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  8. Something to ponder aye Jone!

    "It is impossible to calculate the moral mischief, if I may so express it, that mental lying has produced in society. When a man has so far corrupted and prostituted the chastity of his mind as to subscribe his professional belief to things he does not believe he has prepared himself for the commission of every other crime. ~Thomas Paine, The Age of Reason

    JQ

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  9. If SDL was democratically elected in 2001 and had followed the correct path as stipulated in the 1997 constitution, there would have been no room for the 2006 to take place.

    Indeed we learnt from the similar manipulations post 1987 which then delivered a beautiful constinution which is the best in the world.

    But politicians were testing its strength by manipulating for 6 years its provisions by their actions or inactions. THis gave rise to copy precedents from the past.

    Past precedents when not dealt with seems to have made that to be understood as or interpreted to be law.

    While Jone's assessment is 100% supported by myself, the seeds were planted elsewhere. No one spoke then against them - and that is the sad part of the interpretation of the word democracy...

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  10. Mark Manning, can you keep your insulting, racist comments to yourself? Fancy having the audacity to suggest that Fijians ( you don't even give them a capital F ) are stupid or easily led. What gives you the right to say something so offensive, mate? Butt out!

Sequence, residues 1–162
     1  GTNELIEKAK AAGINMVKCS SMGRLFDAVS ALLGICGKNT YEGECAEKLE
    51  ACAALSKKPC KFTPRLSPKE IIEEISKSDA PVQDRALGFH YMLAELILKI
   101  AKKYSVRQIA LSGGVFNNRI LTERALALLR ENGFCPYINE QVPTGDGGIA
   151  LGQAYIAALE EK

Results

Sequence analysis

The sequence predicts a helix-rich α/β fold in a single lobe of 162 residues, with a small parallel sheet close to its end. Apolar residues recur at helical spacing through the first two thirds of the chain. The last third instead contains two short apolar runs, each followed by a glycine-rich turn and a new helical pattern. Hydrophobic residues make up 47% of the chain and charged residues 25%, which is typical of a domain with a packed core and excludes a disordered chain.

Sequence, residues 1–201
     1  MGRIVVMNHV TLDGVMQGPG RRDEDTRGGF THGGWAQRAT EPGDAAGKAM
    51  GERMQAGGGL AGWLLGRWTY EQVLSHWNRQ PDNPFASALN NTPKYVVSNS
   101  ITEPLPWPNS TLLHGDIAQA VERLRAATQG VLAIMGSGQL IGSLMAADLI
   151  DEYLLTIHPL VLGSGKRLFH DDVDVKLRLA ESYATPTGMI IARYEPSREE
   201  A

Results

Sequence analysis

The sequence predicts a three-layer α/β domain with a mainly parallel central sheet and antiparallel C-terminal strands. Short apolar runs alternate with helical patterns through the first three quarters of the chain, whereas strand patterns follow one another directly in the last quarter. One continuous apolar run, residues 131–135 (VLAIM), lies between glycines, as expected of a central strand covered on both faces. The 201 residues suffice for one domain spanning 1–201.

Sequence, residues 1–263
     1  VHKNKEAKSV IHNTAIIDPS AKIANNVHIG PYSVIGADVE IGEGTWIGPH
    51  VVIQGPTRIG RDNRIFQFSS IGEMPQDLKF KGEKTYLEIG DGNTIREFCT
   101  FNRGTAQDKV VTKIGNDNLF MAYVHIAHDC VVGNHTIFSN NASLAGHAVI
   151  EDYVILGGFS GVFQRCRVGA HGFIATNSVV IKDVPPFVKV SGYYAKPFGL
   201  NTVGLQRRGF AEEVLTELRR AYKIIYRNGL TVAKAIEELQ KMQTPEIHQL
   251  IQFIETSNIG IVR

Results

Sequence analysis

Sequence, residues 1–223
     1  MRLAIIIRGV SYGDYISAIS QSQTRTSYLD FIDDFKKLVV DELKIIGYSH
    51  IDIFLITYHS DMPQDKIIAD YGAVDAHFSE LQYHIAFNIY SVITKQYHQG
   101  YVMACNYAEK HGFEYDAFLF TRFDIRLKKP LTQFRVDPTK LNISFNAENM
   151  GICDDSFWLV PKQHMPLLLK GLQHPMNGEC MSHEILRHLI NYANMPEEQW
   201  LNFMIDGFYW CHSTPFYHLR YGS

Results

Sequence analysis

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  11. @disgarceful ... i wouldn't be too quick to attack, this regime has pretty much suggested if not said the same thing , suggesting they needed to step for similar reasons.As democarcy isn't really a good fit for fijians and the are all too easily led and influenced and all but saying that fijian cannot be trusted to exercise a vote just yet until it is rigged by the military to guarantee the outcome they want.

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  12. Sara ssista, vote was always rigged as I know ever since 1977. Thisis nothing new. Only players will change again under the name of democracy....

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  13. So what is the point of all this JB? Do we endeavour to have a "real democracy" in Fiji, or just bend over to the chiefs? You seem to have a 2 way bet.

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  14. ...the big problem with FMF is that it is too traditional and mixes the ideology of a true military force and a Fijian traditional customs...if that could be removed then the FMF will surely serves it purpose in the country...also we must realistically reduce its size to a right size and right budget...and appoint someone who is capable not only to respect the rule of law but to be a God fearing leader...